Scientists have found a novel mechanism that explains why a certain gene mutation results in craniofrontonasal syndrome (CFNS), which causes cleft palate and other malformations on the face.
Previous studies have revealed that a mutation in a gene called ephrin-B1 caused abnormalities in facial development, but researchers were uncertain of how.
Philipe M. Soriano, Professor, Developmental and Regenerative Biology, and Jeffrey O. Bush, PhD, Postdoctoral Fellow, Developmental and Regenerative Biology, both at Mount Sinai School of Medicine, studied mice embryos that were genetically engineered to have a mutation in the ephrin-B1 gene.
They determined that ephrin-B1 controls craniofacial development by signaling cells to multiply and when there is a mutation in this gene, it causes anomalies in the cell proliferation process
"Common thinking has been that ephrin-B1 only guided cells in craniofacial development. We were surprised to learn that, instead, this gene signals for cells to multiply, providing us with a clear understanding of why craniofacial development is abnormal when a mutation is present," said Soriano.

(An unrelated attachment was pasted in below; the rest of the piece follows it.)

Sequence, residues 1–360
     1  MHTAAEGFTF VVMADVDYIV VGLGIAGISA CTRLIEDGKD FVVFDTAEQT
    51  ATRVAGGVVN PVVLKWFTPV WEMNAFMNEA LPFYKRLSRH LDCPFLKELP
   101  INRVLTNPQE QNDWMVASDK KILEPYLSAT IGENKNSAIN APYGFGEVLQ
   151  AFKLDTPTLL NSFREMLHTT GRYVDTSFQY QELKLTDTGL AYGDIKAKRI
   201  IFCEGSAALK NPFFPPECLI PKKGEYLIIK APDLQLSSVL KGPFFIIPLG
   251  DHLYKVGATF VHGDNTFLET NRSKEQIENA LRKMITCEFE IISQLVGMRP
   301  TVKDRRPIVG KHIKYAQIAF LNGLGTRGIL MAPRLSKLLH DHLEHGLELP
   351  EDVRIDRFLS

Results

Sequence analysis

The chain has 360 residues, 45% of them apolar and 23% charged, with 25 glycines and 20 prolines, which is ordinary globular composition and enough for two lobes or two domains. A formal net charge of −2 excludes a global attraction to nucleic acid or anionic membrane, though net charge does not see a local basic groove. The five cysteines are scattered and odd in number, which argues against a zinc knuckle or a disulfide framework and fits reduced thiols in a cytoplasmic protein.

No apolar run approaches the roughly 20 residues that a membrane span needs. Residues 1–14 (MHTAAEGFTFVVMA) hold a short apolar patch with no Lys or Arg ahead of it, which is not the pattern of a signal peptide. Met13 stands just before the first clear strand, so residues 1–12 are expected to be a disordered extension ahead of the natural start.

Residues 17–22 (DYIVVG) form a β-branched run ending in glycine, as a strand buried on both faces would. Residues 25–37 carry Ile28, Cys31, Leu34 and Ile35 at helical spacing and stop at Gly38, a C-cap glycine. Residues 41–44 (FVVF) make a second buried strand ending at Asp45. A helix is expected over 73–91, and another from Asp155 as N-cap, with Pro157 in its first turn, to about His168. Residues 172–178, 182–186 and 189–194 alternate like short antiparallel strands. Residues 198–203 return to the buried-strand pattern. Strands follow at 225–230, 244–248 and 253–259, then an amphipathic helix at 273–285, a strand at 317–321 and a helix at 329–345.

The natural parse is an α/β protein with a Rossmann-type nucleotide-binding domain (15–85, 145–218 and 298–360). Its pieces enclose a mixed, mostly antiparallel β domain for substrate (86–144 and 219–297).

"Craniofacial anomalies are among the most common human birth defect. Our findings represent a critical step forward in understanding how cleft palate and other malformations develop, and will hopefully bring us closer to finding ways to prevent or treat these abnormalities," Bush added.
The research is published in the September issue of Genes and Development.